the black and white alternation of tile
stiff, red vinyl seats
enough to make this crappy diner loathsome.
the food was cheap
and always so warm.
"more coffee" he barked -
more of a command than a question
as he overflowed the awkwardly small-handled mug
without my concession.
my "thank yous" fell to the floor
he rushed to check the grill -
flip, turn, prod, push.
he was a broken man
one who didn't smile,
whose elusive mind was elsewhere.
this unpleasant diner was his
the smoke-stained walls and offensive air
solidified ownership like a deed.
sun up or down, it was always his face behind that heavy door.
he seemed so empty
like the fragile shell of a used egg.
I would say funny things
drip with gratitude
compliment his cooking.
he never said thank you
or seemed to know I was even speaking.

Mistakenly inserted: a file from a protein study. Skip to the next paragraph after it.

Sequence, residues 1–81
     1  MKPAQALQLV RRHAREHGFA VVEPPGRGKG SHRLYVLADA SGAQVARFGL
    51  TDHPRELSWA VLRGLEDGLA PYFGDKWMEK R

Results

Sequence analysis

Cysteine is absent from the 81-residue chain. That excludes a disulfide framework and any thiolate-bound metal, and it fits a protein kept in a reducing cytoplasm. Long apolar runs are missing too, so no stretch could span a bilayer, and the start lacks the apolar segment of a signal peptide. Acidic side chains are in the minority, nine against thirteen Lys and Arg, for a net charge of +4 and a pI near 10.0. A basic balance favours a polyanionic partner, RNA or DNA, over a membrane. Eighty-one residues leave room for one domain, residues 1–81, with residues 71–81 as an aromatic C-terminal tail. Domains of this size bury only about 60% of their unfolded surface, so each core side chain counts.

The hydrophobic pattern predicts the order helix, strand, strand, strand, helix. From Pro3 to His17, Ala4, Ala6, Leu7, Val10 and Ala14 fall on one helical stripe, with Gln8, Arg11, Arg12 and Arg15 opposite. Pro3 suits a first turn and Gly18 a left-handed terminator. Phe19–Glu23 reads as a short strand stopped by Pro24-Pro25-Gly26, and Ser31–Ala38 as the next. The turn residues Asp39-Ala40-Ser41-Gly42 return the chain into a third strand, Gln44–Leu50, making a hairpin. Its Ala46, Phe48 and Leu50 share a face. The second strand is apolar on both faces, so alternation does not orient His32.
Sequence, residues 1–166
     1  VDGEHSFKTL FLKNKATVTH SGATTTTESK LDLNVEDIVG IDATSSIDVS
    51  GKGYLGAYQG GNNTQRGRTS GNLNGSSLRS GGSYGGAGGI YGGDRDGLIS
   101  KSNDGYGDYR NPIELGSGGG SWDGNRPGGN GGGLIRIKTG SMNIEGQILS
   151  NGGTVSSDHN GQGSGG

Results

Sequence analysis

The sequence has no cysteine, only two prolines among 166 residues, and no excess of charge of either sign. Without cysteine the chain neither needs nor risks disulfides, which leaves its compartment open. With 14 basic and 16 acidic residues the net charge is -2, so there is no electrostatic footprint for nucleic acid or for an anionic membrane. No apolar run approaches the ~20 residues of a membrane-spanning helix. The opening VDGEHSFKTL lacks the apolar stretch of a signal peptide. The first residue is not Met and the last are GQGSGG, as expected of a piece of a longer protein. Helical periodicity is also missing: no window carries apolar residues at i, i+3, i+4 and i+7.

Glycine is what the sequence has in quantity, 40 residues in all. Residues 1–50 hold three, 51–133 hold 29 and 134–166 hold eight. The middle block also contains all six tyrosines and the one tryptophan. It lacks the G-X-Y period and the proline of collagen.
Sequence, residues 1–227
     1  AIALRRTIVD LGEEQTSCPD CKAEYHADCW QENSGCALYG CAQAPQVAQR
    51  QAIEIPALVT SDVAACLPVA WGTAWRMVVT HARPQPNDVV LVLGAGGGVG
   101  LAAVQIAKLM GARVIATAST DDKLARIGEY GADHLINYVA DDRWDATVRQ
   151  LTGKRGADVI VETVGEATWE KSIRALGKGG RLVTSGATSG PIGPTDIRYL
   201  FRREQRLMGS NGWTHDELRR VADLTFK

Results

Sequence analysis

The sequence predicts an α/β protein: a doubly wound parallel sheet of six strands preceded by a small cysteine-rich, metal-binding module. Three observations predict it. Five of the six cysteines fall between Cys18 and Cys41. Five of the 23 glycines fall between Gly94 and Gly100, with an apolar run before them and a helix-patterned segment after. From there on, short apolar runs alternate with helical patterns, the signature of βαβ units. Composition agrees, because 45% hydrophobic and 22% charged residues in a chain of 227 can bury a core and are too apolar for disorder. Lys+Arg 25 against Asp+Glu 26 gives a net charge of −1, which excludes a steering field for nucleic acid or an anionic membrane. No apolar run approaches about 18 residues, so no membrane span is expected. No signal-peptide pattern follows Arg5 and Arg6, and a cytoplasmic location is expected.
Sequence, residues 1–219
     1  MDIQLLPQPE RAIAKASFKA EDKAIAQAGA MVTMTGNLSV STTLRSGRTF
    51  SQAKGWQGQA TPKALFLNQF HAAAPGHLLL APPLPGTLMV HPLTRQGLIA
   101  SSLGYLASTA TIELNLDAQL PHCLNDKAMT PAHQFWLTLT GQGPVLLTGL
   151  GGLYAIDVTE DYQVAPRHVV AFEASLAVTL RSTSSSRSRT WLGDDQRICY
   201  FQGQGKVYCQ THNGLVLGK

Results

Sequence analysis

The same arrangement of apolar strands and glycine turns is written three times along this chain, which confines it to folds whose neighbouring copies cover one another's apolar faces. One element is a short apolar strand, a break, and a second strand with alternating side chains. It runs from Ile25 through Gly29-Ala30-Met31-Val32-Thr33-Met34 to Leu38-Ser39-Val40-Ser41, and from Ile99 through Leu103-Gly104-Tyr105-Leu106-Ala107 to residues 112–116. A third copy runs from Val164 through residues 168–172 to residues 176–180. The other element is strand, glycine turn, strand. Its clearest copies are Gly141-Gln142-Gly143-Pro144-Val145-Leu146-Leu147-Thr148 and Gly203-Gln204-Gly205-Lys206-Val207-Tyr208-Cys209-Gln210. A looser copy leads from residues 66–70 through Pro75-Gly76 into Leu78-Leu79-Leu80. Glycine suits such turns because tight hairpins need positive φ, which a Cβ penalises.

his agony and mystery
what moments empty a man to bone?
the homeless man in the corner booth was there every night
like the hand of a clock
he was predictable and always moving.
I saw the repetitions of his dirt-stained hands.
pinching thumb and pointer finger
up and down, repeat.
sliding from my gaudy booth
the vinyl squeaked a little as I moved.
I carried my plate to a table closer to him.
he was filling coffee filters
pinching the crimped sides with gritty fingers
gently placed on the table
premeasured scoop dug into the heaping grounds
dumped methodically in the middle
new filter stacked on top of the last
stacks of 8, new pile.
Empty walked over to him
asking genially if he'd like a refill
the old man nodded.
this broken man -
primitive and boorish
gruff and withdrawn
had a heart after all.
he employed the hands of a man who had nowhere to lay his head -
to keep him warm
and to serve his dignity back to him
on a silver platter.